The truth is that the Panhandle’s sails were already drooping. Mere fear of the spill had cut deeply into the area’s tourist bookings, 90% of which are usually made for the summer months. The bumper-to-bumper traffic which this time of year normally clogs Pensacola Beach’s Via de Luna, a tourist Mecca, is uncharacteristically manageable.  …

Further inland, where many of the workers who clean the rooms, pump the gas and wait the tables this time of year reside, food stamp allocations are up almost 20% in just the past 60 days. So is unemployment in the region, which is now higher than the statewide rate of almost 12%. State social services officials are talking about an increase in domestic abuse, child neglect and other economy-related ills. “These people are scared, they’re worried, they’re frustrated,” says Phil Wieczynski, a Florida environmental official who visited with some 400 residents in nearby Port St. Joe this week.  …

Along with the normal summer activities, like concerts and art shows, local business leaders are also promoting the appearance next week of a psychologist who treated Alaskans after the 1989 Exxon Valdez oil spill. His topic: how to handle the stress brought on by weeks and weeks of relentless anxiety.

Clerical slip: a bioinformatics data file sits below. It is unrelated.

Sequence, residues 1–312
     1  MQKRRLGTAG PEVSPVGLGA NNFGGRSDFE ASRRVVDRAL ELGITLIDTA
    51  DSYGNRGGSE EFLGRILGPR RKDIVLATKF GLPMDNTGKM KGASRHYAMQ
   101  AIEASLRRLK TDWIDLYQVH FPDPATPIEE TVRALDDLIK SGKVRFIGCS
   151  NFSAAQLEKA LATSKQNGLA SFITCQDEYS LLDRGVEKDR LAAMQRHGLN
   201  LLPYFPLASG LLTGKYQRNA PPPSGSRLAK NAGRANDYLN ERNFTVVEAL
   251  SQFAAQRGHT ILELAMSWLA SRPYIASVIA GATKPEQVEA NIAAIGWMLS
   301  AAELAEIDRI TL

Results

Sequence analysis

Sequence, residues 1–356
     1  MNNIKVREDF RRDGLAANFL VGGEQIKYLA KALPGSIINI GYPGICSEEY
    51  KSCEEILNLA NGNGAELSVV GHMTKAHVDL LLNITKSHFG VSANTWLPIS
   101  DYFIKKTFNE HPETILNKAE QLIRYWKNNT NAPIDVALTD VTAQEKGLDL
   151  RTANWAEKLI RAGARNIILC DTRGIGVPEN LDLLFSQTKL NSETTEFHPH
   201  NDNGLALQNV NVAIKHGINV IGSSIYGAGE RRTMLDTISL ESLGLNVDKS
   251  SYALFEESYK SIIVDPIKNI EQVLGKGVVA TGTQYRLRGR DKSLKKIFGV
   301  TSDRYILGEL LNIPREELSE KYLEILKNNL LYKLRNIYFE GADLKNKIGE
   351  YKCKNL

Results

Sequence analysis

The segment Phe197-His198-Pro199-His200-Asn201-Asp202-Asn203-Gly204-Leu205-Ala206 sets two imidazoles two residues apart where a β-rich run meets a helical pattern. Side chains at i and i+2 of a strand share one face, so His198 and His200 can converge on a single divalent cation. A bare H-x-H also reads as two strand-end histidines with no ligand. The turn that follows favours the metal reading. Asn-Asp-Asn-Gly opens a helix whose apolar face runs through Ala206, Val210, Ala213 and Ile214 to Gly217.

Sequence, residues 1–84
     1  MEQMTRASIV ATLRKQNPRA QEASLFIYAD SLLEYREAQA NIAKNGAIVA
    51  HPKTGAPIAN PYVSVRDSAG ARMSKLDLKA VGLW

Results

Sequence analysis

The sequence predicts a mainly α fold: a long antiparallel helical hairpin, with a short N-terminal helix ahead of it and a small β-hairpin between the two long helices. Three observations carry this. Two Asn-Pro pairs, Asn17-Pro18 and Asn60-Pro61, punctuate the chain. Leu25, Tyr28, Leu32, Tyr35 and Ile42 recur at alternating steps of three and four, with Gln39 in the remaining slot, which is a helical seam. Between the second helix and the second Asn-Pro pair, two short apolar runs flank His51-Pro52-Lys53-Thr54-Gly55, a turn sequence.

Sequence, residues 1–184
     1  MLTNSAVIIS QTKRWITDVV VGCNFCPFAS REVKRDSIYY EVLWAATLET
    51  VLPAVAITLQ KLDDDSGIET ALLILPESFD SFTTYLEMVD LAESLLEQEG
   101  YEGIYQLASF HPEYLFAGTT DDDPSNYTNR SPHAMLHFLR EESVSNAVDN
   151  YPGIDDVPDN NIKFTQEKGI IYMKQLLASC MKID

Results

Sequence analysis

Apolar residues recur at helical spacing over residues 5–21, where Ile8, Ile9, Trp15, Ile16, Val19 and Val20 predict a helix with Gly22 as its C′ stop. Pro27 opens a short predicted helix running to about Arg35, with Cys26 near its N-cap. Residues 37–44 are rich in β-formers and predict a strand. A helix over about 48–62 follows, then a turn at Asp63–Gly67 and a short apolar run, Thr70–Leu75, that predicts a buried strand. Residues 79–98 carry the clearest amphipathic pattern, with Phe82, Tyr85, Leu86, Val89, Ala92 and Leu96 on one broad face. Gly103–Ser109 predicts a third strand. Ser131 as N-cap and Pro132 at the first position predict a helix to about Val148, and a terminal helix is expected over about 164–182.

For small Florida towns, oil spill stress edges out serenity
By LAURA FIGUEROA Jun. 20, 2010

Along the Panhandle’s seaside villages and towns, serenity has given way to stress, ever since tar balls from the Deepwater Horizon spill started to speckle area beaches, and globs of oil began to seep into Pensacola’s waterways.  Now communities off the beaten path find themselves taking matters into their own hands – coordinating booming plans, haggling with state and federal officials to pay more attention, even tapping into county reserves to pay for workers and equipment until BP reimburses them.